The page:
]. Instances can then be created within this framework. The IfcDoc tool can be used to create and document, as well as to check that models comply with this framework. In the 3D use case explored in this paper, however, the object (was made in commercial software using the IFC4 Design Transfer View, which allows the inclusion of a larger variety of entity definitions.
3.3. Use Cases
The following use cases illustrate scenarios in which a 3D Land Registry System could be useful.
3.3.1. Scenario 1: Traditional Parcel Columns
The first use case is illustrated in Figure 7
. A central principle of land registry systems around the world is that, although a parcel of land or a spatial unit is recorded in 2D, in reality it alludes to a 3D space. Unless there are other rights or restrictions recorded, this space reaches below the 2D representation to the earth’s core and endlessly up into the sky.
Research has been conducted into how this concept could be geometrically stored in a database. One method would be to take parcels recorded in 2D and convert them into 3D by adding a z-axis [33
]. This z-axis would be added to the nodes of each parcel and would be infinite with a maximum of infinity.
Industry Foundation Classes (IFC) models typically document a building artefact by means of a decomposition of three-dimensional volumes. These volumes are referred to as the Body
geometry. Current research [33
] states that a reinterpretation from two-dimensional Cadastral registrations into three-dimensional entities is necessary, either for a transition period in which the Cadastre is migrated or for a hybrid stage in which two-dimensional parcels exist alongside three-dimensional volumes and need to be checked for interferences. For comparison, three approaches to unify 2D parcel data with IFC models are given below. All approaches have the fact that legal spaces are exchanged as an IfcSpace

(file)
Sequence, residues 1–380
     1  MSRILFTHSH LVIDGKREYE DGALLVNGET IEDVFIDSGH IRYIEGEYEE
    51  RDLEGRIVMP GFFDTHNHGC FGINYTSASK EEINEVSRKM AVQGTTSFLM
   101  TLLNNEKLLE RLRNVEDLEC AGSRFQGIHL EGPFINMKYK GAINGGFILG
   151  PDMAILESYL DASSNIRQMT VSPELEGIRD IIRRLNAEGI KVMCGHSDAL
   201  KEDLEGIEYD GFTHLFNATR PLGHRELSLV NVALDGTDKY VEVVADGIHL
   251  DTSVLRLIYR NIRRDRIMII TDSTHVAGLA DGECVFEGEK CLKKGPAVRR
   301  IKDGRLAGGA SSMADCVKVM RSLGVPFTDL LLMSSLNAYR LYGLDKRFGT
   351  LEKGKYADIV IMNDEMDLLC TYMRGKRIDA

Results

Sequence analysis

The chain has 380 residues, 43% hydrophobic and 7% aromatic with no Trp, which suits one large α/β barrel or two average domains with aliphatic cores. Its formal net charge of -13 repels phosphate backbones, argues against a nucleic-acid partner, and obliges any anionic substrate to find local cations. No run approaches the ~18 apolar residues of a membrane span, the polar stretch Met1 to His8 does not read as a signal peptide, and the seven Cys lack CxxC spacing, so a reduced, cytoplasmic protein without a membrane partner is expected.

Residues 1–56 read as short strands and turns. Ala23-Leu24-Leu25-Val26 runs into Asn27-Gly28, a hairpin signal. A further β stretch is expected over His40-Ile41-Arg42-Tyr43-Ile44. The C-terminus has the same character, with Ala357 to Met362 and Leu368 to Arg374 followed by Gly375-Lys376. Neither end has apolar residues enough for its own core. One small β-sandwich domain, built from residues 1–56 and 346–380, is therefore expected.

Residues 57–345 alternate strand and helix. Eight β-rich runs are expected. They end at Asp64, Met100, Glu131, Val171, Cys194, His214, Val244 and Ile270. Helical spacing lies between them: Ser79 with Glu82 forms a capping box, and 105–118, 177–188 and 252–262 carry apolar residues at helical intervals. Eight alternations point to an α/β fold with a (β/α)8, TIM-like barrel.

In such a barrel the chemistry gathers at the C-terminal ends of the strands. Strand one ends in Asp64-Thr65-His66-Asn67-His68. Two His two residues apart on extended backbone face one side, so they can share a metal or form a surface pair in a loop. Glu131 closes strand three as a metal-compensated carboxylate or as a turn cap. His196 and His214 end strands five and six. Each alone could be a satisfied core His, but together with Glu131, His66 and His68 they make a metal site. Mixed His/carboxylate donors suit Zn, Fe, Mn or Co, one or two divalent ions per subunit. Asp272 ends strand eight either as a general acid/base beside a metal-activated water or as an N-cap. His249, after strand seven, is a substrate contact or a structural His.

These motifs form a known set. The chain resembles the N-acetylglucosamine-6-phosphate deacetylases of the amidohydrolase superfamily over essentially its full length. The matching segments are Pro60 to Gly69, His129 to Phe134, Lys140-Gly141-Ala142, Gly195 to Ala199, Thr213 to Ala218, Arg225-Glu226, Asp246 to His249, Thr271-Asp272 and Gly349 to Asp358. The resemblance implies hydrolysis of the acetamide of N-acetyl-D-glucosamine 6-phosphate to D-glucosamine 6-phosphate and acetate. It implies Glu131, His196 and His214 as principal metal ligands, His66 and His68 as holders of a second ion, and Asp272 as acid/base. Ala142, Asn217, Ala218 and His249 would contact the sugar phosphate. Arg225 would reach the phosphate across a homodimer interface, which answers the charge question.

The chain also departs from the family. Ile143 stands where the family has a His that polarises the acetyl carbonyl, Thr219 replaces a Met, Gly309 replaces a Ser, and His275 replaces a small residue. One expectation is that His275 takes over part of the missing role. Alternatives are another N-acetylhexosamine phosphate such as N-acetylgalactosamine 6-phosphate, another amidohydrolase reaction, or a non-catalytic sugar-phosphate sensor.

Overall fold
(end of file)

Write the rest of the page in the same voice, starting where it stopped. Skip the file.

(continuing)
element in common.
In its simplest form, a two-dimensional footprint representation is provided for such a space. This footprint is illustrated first as a snippet of code (Figure 8
) and, secondly, as in Figure 9
On the one hand, this is a satisfactory solution as it allows a collection of two-dimensional parcels within an IFC file. One advantage of a Cadastral database in which all parcels are recorded as three-dimensional entities is that situations of conflict are immediately apparent as the intersections of three-dimensional parcel volumes. In a database with both two- and three-dimensional parcel volumes, the two-dimensional volumes would need to be interpreted as three-dimensional prisms when conflicting situations were queried for. Therefore, it would be beneficial to look for approaches to encode such an infinite prism in IFC.